By the end of 2014 the fund hopes to achieve double the funds which they have already acquired. The goal of US $200 million by the end of 2014 is not the finish line, and the regional director of the African Development Bank, Gabriel Negatu, stated that the initial campaign will to “catalyze and crowd in other investors”.
In many African countries access to reliable gird-connected power is a widespread challenge. According to the World Bank, rolling blackouts in sub-Saharan Africa constitute a “crisis”. Moreover, two-thirds of the population of sub-Saharan Africa is without electricity, and approximately 85 percent of rural residents lack access to power.
While it is true that some international actions have occurred to increase the energy infrastructure in Africa, a substantial increase in current funding levels is also required to ensure development. It is also estimated that there is a need to invest upwards of US $300 billion to achieve universal energy access by 2030.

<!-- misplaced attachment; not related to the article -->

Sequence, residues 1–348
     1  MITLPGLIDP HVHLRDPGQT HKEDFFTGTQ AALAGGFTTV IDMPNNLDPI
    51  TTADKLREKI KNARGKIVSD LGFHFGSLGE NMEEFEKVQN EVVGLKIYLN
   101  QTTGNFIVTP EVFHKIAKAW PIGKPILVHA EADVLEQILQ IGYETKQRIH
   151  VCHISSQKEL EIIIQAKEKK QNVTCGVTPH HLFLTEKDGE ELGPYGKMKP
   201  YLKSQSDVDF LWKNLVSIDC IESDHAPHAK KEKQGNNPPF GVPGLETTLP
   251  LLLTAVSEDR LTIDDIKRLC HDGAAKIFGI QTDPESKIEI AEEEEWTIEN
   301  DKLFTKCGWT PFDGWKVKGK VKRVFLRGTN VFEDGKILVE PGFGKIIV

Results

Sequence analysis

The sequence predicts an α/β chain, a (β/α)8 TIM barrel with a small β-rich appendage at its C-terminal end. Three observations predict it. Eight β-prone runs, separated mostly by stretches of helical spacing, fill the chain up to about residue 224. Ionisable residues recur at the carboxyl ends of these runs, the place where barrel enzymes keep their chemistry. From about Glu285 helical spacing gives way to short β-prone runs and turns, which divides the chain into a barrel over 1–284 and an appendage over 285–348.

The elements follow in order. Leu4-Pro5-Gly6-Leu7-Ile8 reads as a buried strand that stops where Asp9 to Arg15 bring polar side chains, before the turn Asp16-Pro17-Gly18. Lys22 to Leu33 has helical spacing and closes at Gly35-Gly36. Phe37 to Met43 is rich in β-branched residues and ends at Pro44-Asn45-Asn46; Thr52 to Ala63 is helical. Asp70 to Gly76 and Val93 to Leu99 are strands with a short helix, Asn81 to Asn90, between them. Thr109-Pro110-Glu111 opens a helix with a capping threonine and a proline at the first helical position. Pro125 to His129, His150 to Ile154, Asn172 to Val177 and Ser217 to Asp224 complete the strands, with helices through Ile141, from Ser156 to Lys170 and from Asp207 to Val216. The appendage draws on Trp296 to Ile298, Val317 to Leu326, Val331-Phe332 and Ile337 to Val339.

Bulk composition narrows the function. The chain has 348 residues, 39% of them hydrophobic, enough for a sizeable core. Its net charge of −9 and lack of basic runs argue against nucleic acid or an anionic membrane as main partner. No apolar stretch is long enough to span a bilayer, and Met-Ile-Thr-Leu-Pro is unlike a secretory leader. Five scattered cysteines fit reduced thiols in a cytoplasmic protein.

In contrast with many other initiatives such as Power Africa, which prescribes the use of fossil fuels in tandem with renewable energy resources, AREF will not fund any fossil fuel projects.
Instead, AREF will commit between US $10 – 30 million to a mixture of small and medium scale renewable energy projects. The blend of small and medium scale projects will create jobs and electrify the grid without contributing to climate change.